30 April is the end of the year for many professional services firms. There are some things that firms need to do every year in these last few months as they approach year-end. This year is arguably harder than usual.
Partner Corinne Staves shares her top 10 housekeeping tips for Managing Partners below, and 1 extra top tip just for law firms.
- Bills. Bills. Bills. As always, there should be a big push on billing as year-end approaches. Partners must focus both on billing and on cash collection. Many firms are experiencing a lack-lustre second half of the financial year so significant efforts are needed to secure every penny.
- Manage expectations. If FY 22/23 has been financially weak, and 23/24 is not expected to be strong, manage partners’ expectations now. Lots of firms saw a COVID boost which is finally wearing off so some firms are using FY19/20 as the comparator (not last year). Partners will expect their profits to vary, but often relative compensation is as important as absolute compensation. (Broadly: “I don’t care what I earn as long as it is more than X partner because I consider myself better than them”).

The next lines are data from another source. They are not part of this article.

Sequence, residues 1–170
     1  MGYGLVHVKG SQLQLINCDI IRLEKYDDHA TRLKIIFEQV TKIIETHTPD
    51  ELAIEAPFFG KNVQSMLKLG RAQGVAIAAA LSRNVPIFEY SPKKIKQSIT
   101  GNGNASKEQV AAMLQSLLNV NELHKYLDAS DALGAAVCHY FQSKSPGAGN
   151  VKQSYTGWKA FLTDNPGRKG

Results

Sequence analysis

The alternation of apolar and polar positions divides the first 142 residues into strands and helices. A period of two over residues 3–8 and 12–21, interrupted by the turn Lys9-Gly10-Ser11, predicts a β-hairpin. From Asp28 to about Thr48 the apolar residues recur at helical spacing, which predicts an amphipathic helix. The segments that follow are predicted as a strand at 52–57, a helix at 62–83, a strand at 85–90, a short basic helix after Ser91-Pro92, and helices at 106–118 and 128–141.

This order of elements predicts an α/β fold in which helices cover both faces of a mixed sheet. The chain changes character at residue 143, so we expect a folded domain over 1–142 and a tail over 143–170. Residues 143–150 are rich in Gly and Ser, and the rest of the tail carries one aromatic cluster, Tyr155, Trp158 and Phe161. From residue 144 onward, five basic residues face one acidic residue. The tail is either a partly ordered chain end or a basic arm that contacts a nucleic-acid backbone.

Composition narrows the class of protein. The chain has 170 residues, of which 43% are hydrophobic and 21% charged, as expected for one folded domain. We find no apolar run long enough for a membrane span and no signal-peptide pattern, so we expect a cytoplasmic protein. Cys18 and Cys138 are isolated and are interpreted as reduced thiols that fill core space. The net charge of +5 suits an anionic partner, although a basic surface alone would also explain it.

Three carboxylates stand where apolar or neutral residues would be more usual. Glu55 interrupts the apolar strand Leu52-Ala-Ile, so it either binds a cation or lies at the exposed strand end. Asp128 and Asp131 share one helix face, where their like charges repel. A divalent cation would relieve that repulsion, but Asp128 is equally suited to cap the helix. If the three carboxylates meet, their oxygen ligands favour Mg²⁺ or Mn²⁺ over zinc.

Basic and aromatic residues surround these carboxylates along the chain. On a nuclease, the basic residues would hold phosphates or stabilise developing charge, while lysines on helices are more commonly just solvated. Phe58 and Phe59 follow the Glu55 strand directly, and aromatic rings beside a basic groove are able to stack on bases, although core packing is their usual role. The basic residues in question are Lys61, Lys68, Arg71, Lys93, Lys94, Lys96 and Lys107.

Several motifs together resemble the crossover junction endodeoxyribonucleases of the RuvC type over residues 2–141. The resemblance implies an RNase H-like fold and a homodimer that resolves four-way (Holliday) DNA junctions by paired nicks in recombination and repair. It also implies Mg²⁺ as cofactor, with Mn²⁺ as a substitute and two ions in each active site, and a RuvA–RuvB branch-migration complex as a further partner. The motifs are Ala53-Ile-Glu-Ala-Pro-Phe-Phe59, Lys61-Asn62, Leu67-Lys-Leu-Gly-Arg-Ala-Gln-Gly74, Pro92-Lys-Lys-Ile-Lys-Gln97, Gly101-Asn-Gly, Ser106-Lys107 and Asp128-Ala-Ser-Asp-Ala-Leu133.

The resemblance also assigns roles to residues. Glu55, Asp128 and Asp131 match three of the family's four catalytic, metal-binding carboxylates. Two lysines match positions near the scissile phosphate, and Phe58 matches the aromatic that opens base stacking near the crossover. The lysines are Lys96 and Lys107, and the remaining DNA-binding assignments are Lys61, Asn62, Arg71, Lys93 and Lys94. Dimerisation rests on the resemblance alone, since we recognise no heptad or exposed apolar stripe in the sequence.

- Preserve cash for basis period reform. Cash reserves will be a big theme for 2023/24, especially for firms who will be impacted by the basis period reform tax changes (i.e. all those with a year-end other than 31 March or 5 April). Firms and partners will need a plan to build up cash reserves in advance of the accelerated tax payment dates. Arguably these plans should come into effect from the start of FY23/24 so discussions and decisions need to be made soon. Changes will probably be needed to the LLP deed (such as updated reserving, interest and exit provisions) to avoid confusion or disagreements later.